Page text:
The northwestern corner of Moorland and West Robles avenues used to be home to a grassy lot containing little more than some makeshift park equipment and a temporary memorial to Andy Lopez, the 13-year old Santa Rosa teenager fatally shot nearby by a Sonoma County Sheriff’s deputy four years ago.
These days, it’s an active construction site, fenced off and undergoing a transformation into official public park, which residents and county officials have worked to create in an effort to help the community heal and deliver a long-promised amenity to the neighborhood.
In the weeks since construction began in August, crews have done underground work, laid walkways, erected a permanent restroom and made other improvements to the land they are turning into Andy’s Unity Park. Eventually, the 4.2-acre site will feature a wide range of amenities, including a community garden, basketball court and permanent memorial to Lopez.
“The park is coming along very nicely,” said Victor Roldan, one of the neighborhood residents who worked with the county to create the public space. “The area has been left by itself for a long time. It was about time to get something done for our neighborhood.”
Roldan singled out the garden as an exciting prospect for the neighborhood, providing an educational experience for local children — including his own daughter and son — who could be taught how to grow their own food there. But he likes every aspect of the park, which he hopes will provide a unifying experience for the community.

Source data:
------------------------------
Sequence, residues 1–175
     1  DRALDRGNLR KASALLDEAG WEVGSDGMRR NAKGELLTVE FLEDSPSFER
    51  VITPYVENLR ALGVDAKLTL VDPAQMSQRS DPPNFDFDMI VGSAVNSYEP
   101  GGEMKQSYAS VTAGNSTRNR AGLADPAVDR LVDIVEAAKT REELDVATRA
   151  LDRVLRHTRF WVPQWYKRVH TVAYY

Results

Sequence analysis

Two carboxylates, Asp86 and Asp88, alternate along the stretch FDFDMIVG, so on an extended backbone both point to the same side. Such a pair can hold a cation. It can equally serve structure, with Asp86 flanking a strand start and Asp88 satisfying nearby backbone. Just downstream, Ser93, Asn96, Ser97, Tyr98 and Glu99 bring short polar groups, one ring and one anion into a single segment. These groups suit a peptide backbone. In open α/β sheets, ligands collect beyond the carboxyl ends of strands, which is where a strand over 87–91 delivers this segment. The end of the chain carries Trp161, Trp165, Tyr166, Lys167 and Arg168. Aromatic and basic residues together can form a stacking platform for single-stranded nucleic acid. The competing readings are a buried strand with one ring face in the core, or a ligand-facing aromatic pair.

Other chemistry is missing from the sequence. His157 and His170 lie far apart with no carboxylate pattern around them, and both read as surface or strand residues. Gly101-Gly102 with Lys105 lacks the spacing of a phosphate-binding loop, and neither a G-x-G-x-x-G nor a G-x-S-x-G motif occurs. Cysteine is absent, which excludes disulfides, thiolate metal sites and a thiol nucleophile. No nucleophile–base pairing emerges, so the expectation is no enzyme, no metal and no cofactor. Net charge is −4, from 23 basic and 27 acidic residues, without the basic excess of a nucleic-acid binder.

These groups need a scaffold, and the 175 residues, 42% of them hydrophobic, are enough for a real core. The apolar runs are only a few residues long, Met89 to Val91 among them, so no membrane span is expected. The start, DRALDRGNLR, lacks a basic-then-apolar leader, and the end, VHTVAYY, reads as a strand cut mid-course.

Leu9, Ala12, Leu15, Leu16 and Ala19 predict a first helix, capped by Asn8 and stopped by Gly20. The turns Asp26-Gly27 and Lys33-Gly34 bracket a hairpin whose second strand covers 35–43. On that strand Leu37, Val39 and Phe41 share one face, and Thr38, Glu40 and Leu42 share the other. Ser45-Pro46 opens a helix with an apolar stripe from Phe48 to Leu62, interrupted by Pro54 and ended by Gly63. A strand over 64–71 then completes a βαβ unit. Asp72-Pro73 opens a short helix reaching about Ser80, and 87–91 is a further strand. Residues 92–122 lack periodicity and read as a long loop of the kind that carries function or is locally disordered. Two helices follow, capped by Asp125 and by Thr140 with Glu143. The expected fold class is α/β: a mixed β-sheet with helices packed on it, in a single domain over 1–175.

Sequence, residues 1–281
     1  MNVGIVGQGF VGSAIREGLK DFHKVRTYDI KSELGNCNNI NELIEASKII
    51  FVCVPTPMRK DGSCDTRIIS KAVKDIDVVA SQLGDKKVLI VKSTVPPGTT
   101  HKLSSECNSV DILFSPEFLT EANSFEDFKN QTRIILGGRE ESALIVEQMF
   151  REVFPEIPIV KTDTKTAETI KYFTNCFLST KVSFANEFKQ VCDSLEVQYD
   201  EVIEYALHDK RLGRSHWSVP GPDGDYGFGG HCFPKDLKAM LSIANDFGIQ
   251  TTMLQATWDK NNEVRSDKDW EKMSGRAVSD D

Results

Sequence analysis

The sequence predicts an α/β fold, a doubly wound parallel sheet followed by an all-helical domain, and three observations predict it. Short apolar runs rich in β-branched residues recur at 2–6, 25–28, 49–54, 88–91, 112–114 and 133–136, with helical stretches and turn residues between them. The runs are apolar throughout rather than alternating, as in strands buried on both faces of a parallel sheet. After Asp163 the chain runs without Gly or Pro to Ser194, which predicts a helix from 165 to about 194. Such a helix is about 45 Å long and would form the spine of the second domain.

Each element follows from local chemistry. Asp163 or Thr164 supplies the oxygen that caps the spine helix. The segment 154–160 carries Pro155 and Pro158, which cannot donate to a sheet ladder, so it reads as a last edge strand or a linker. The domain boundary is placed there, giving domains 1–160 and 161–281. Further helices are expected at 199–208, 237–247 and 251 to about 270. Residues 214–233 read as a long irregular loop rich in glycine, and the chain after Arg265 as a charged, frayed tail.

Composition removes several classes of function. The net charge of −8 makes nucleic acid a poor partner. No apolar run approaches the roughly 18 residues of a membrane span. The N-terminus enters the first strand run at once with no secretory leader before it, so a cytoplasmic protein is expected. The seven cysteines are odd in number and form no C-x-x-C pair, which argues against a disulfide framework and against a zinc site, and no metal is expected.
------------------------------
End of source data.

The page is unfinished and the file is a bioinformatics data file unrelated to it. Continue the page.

The Sonoma County Board of Supervisors moved the project forward in a big way in March, awarding a more than $3 million construction contract for the project. At the time, supervisors only approved the minimum level of development, including open turf, trees and a memorial.
But they completed the picture in June, when as part of their annual budget hearings they allocated an additional $500,000 to build out the remaining amenities, including the basketball court and garden.
“This community should have had a community park decades ago, and it felt like if we’re going to do this thing, we need to do it right,” said Supervisor Lynda Hopkins, who represents the area. “It’s also important to honor the memory of Andy Lopez, and for many people this is the first step in a very long journey of community healing. To me, it just wasn’t an option to give the community a half-baked park. That wasn’t really what they had hoped and what they had envisioned it to be.”
Most recently, supervisors in September finalized more than $1 million in grant funding from the county’s Agricultural Preservation and Open Space District to the Regional Parks department. Funds came through the district’s matching grant program, and were previously approved by district officials largely to reimburse the parks department for costs of developing the Andy’s Unity Park land.
“It’s a great project,” said Bill Keene, the open space district’s general manager. “Given what’s happened at that site and the lack of really strong recreational facilities that provide a multiplicity of amenities, it’s great for us to be able to participate in a project that really benefits a community that’s largely underserved.”
The park was initially slated for a mid-November debut, but supervisors’ decision this summer to fund additional improvements at the site has extended the timeline, county officials said. Work is now on track for completion in late February, according to Bert Whitaker, the county parks director.